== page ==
No one immune to investigation
The Minister of Justice and Attorney General of the Federation (AGF), Abubakar Malami (SAN) Tuesday justified the arrest of some judges by the Department of State Services (DSS).
Malami argued that what happened in relation to the affected judges was mere investigation of criminal allegations.
He contended that no one is immune to investigation under the Nigerian law, noting that once allegation of criminality was raised, it was the duty of the relevant investigating agencies to carry out investigation.
The AGF spoke in Abuja Tuesday shortly after inaugurating the “country expert review committee for the second cycle of the review of implementation of the United Nations Convention against Corruption (UNCAC).”
Malami, who was asked by journalists to comment on the arrest of judges, said: “The fundamental consideration is whether there is an allegation of the commission of a crime; whether there is the need for investigation, and whether the relevant provisions of the law and indeed, all circumstances, as provided in the Administration of Criminal Justice Act (ACJA) are put into consideration in our conduct as regard the fight against corruption.
“The bottom line is that we have a responsibility to fight corruption. Corruption is a crime and nobody, regardless of how highly placed, and is exempted as far as issues that border on crimes and criminalities are concerned.
“The limited exceptions as we know constitutionally are the exceptions of immunity. And to the best of my knowledge those exceptions do not apply to investigation.
“For those that are conferred with the immunity, the right to investigate has not been taken away constitutionally.
“So, I think the framework and the circumstances within which we are operating are clearly whether there exists the right to investigate or not, and whether the action borders on criminality.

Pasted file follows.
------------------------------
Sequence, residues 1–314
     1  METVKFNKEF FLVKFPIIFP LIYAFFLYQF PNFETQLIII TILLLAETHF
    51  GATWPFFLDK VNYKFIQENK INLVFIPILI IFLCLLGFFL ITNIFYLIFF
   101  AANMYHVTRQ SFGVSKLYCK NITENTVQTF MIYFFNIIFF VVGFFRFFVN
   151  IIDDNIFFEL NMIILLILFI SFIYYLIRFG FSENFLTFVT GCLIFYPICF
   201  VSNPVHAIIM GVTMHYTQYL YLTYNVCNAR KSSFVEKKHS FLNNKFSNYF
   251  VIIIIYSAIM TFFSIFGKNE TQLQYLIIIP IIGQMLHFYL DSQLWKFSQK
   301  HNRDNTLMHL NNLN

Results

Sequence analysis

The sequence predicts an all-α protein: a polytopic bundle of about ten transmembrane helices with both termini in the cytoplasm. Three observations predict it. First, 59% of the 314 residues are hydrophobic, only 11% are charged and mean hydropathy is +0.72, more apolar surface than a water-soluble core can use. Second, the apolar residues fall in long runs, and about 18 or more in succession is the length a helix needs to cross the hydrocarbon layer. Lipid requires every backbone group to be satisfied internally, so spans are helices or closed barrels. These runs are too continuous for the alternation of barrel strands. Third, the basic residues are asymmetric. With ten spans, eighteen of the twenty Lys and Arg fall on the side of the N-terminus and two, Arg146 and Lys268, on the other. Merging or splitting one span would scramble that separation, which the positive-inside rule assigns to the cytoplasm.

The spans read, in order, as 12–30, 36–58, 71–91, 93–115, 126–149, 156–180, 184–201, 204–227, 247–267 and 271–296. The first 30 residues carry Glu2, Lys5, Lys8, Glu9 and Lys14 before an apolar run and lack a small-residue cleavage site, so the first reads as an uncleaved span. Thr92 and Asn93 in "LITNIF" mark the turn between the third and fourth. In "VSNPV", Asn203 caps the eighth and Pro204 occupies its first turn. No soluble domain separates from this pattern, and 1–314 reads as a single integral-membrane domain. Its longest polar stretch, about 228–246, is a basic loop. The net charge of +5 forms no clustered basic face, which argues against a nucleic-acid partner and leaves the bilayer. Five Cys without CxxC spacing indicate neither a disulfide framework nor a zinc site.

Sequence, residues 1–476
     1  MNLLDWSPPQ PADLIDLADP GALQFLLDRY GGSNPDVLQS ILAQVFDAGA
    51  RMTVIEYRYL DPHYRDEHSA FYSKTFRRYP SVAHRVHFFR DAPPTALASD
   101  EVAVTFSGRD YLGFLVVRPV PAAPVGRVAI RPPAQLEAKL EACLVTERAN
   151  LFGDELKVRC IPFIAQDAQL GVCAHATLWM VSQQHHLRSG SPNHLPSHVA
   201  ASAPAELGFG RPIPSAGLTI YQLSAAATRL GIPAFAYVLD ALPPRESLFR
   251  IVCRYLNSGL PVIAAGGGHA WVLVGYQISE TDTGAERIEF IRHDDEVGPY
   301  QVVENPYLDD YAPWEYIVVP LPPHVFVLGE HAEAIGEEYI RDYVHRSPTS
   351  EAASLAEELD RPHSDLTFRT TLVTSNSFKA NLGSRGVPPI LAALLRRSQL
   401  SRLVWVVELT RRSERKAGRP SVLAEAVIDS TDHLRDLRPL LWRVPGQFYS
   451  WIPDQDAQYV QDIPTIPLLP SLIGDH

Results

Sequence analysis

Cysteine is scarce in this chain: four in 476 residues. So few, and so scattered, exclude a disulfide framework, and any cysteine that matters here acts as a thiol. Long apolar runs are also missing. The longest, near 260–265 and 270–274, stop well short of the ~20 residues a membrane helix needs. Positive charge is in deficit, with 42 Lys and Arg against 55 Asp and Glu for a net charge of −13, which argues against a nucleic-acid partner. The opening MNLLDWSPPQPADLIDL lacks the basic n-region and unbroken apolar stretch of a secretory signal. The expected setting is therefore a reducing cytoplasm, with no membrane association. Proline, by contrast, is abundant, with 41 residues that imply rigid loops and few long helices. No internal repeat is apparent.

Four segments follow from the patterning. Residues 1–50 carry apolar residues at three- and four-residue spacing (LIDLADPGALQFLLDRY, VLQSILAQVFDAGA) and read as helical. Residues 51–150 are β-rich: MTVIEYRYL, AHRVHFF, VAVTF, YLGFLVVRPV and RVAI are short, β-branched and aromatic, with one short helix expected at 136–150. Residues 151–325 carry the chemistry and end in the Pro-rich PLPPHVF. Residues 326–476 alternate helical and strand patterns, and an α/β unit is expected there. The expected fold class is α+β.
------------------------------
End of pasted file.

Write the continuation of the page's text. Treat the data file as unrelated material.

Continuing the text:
“Once crimes and criminality are concerned, nobody is an exception. I think the undertone should be exclusively the consideration of the existence of a prima facie case; existence of reasonable grounds for suspicion of commission of a crime.
“And if there are, no member of the Legislature, Judiciary and Executive can definitely be exempted from investigation. I think where we are now is the point of investigation and that is what is taking place,” Malami said.
While inaugurating the committee, Malami expressed confidence in the ability of its members to execute their responsibilities.
He said: “The extant review focusing on Chapter I I and V of the UNCAC, relating to preventive measures against corruption in public and private sectors and asset recovery, is both necessary and timely at this time in the annals of our country, when endemic cum systemic corruption has created a great discontent between our nation’s wealth and the quality of life of ordinary citizens.
Malami, who noted that the objectives of UNCAC were in harmony with the conviction of the current Federal Government to curb corruption, said it was necessary for members of the committee to understand the important task of nation-building which is being committed to their hands.
“Let me emphasise that the guiding principles of the review is non-adversarial, non-punitive and not aimed at ranking state parties.
“Nevertheless, members of the expert committee should understand that those selected, appointed or nominated by my office or your various agencies are chosen based on skills, expertise and commitment.
“It is therefore important to note that your performance in this assignment will be a step in the direction for us as a country and people to achieve the goals that we have set for ourselves – prevent corruption, recover, return and manage stolen assets,” Malami said.
Members of the committee are drawn from 22 agencies of the federal government, including Independent Corrupt Practices and other related offences Commission (ICPC), Economic and Financial Crimes Commission (EFCC), Special Control Unit against Money Laundering (SCUML), Technical Unit on Governance and Anti-corruption Reforms (TUGAR).